Secondary IgAN may reflect either overproduction or reduced clearance of IgA. The role of abnormal glycosylation has not been adequately studied. The most common cause of secondary IgAN is chronic liver disease, which causes reduced IgA clearance. Other conditions, such as celiac disease and HIV infection, may act by increasing the levels of circulating IgA antibodies. Even in these settings, a majority of the patients found to have glomerular IgA deposits have no clinical signs of IgAN, underscoring that IgA-mesangial interactions are important for triggering pathologic changes.

The clinical presentation of primary IgAN is variable. In about half of patients, especially those under 40 years of age, the disease presents as episodes of gross isolated hematuria and flank pain that occur within a few days of an upper respiratory tract infection (either bacterial or viral). These episodes are sometimes termed “synpharyngitic nephritis.” The latency period is shorter than in poststreptococcal glomerulonephritis (see Plate 4-19), which tends to occur about 10 days after infection.
In about 40% of patients, and more commonly in adults, IgAN presents as microscopic hematuria and mild proteinuria (less than 2 g/day), which is detected on routine urinalysis. In 10% of patients, the proteinuria is severe enough to cause nephrotic syndrome. About 25% of patients have hypertension at the time of diagnosis, and another 25% develop hypertension over time. The age-related differences in clinical features are consistent with the existence of multiple different underlying pathogenetic mechanisms in IgAN.
In a majority of cases, serum creatinine and other markers of renal function are normal. In 5% to 10% of cases, however, acute kidney injury (AKI) occurs, reflecting either tubular obstruction by erythrocytes or fulminant disease, such as rapidly progressive glomerulonephritis (see Plate 4-25). AKI is more common in the elderly, possibly reflecting the higher incidence of coexistent chronic kidney disease in this population. In most cases, however, the pathologic features of IgAN are relatively mild, and thus renal insufficiency is not a typical presenting clinical feature.
Urine microscopy typically shows dysmorphic RBCs and/or RBC casts, consistent with their glomerular origin. Serum IgA levels may be elevated in up to 50% of patients. Because complement activation is mild, serum levels of both complement C3 and C4 are normal, unlike in postinfectious glomerulonephritis or membranoproliferative glomerulonephritis.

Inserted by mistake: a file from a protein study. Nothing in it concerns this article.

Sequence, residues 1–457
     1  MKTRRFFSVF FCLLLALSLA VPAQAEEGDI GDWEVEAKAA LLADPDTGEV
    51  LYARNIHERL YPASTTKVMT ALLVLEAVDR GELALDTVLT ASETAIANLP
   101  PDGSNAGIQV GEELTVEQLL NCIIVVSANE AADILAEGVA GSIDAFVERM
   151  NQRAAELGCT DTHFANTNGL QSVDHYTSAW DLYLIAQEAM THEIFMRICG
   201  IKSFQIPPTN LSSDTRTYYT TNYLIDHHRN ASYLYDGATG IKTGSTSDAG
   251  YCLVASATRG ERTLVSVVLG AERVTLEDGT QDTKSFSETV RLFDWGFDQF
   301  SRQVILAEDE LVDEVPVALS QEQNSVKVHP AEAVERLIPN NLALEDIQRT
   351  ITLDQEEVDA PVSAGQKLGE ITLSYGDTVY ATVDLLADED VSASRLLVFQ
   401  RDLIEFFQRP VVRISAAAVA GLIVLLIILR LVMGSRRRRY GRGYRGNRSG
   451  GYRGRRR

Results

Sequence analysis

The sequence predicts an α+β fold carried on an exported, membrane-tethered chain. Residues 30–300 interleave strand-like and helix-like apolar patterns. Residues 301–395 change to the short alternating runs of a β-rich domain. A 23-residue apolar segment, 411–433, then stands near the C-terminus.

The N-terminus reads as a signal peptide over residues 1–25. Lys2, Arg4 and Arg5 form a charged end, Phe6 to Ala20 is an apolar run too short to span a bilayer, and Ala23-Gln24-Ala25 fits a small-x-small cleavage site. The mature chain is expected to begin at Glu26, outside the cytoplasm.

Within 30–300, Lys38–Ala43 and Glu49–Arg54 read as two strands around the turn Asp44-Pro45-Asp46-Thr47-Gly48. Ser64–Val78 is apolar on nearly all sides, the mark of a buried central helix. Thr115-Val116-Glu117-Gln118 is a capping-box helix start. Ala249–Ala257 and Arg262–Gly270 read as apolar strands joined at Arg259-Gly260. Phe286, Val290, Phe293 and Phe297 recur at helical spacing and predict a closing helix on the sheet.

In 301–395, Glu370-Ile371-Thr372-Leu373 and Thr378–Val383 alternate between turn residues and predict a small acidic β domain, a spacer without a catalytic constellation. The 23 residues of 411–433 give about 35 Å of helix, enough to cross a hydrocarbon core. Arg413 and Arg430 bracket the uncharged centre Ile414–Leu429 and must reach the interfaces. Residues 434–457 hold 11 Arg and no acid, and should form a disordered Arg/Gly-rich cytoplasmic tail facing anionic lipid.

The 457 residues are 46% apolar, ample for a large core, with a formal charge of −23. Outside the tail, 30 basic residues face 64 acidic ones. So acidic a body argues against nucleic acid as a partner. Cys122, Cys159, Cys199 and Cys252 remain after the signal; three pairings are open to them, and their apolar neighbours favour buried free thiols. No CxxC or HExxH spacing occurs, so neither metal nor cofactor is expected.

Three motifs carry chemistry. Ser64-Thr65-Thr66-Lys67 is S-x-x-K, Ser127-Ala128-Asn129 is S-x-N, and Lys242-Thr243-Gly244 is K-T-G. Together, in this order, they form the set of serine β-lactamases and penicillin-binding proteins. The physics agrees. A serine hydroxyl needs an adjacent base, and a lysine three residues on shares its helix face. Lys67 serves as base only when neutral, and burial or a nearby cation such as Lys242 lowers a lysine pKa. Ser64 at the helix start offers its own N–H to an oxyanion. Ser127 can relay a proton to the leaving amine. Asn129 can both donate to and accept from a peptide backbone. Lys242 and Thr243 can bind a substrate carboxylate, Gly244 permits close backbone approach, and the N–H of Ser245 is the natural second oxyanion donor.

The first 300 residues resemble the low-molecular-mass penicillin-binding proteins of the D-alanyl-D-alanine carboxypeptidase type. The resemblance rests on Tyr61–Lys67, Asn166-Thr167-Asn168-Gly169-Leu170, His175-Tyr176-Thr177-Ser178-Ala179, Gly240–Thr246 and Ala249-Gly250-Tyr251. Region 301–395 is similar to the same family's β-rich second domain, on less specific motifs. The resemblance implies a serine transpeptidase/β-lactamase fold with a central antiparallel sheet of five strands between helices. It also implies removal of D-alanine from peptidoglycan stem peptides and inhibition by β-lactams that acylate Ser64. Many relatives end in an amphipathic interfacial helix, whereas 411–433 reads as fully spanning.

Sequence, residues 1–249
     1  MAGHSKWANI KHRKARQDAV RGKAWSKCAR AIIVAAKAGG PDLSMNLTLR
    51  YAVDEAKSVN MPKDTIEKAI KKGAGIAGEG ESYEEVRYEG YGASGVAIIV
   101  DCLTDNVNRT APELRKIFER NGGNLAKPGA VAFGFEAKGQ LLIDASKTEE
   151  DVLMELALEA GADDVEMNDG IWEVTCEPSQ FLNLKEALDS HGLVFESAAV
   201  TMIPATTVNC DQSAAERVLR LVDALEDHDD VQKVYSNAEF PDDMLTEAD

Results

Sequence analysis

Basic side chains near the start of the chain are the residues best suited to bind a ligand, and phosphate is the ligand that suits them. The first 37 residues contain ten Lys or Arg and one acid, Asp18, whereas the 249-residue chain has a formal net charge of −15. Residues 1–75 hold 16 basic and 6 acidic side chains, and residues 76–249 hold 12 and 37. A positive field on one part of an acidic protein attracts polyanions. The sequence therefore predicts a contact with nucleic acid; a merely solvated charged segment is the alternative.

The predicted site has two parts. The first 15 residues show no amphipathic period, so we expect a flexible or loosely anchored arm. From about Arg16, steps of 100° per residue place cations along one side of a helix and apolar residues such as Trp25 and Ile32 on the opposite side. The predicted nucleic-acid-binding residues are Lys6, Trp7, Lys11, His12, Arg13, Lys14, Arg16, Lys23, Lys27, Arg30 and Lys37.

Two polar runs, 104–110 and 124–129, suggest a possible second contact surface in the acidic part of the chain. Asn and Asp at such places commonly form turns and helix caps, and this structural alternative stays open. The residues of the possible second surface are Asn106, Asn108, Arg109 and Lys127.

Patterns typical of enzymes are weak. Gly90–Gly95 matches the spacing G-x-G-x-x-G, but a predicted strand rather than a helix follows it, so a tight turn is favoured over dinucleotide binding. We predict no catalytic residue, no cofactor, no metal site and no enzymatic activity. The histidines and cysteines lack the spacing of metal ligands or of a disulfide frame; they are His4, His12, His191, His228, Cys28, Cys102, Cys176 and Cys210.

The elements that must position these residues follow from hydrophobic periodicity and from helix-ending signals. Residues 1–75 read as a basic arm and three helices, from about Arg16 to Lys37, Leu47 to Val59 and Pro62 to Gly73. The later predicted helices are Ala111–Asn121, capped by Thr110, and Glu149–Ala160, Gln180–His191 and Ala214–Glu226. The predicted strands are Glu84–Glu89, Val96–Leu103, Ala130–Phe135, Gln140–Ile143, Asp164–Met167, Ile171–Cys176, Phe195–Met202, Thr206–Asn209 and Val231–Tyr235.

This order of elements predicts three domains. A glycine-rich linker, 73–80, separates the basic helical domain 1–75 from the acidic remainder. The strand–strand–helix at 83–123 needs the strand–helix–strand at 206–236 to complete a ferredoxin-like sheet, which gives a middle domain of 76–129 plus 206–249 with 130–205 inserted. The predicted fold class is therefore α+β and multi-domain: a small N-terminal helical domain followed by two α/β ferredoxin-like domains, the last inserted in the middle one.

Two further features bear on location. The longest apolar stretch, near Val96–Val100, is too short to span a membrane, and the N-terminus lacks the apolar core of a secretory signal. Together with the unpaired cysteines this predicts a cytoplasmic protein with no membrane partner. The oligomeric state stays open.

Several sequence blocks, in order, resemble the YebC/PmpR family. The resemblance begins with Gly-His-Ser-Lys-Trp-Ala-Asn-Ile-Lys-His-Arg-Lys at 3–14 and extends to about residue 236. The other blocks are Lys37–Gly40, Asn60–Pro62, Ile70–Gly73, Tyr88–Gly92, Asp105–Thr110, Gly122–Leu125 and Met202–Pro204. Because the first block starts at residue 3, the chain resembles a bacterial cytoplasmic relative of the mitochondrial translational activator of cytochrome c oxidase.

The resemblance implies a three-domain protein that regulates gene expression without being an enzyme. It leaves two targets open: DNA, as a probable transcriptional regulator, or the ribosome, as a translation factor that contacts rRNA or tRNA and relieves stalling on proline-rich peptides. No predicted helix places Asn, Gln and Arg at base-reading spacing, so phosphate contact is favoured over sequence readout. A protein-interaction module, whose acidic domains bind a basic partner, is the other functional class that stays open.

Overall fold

In the absence of extrarenal symptoms suggestive of a systemic process, the differential diagnosis of glomerular hematuria with proteinuria is very broad. For cases with isolated glomerular hematuria (i.e., without proteinuria), however, the other major possibilities are thin basement membrane nephropathy and hereditary nephritis (see Plate 4-26). The likelihood of these inherited disorders can usually be determined based on a detailed family history. If the urine contains RBCs but there is no strong evidence of glomerular bleeding, such as dysmorphic cells or casts, the differential diagnosis should be expanded to include urologic diseases such as infection, tumor, or calculi especially if the patient is an adult.
The definitive diagnostic test for IgAN is renal biopsy; however, the specific indications for this procedure vary in different countries.  In the United States, biopsy is generally reserved for cases with at least mild proteinuria (<1 g/day) and/or renal insufficiency in addition to hematuria.
Mild to moderate mesangial hypercellularity is typically seen using light microscopy. A subset of cases feature endocapillary hypercellularity, which can be segmental or global, focal or diffuse, and with or without sclerosing lesions. Proliferation and sclerosis often coexist in the same biopsy, which suggests that proliferative lesions lead to scarring and sclerosis.
Extracapillary cellular crescents (see Plate 4-25) may occur if there is diffuse endocapillary hypercellularity, but these rarely involve more than 50% of glomeruli. IgA immune deposits may be seen in the mesangium and, in cases with endocapillary proliferation, the subendothelium.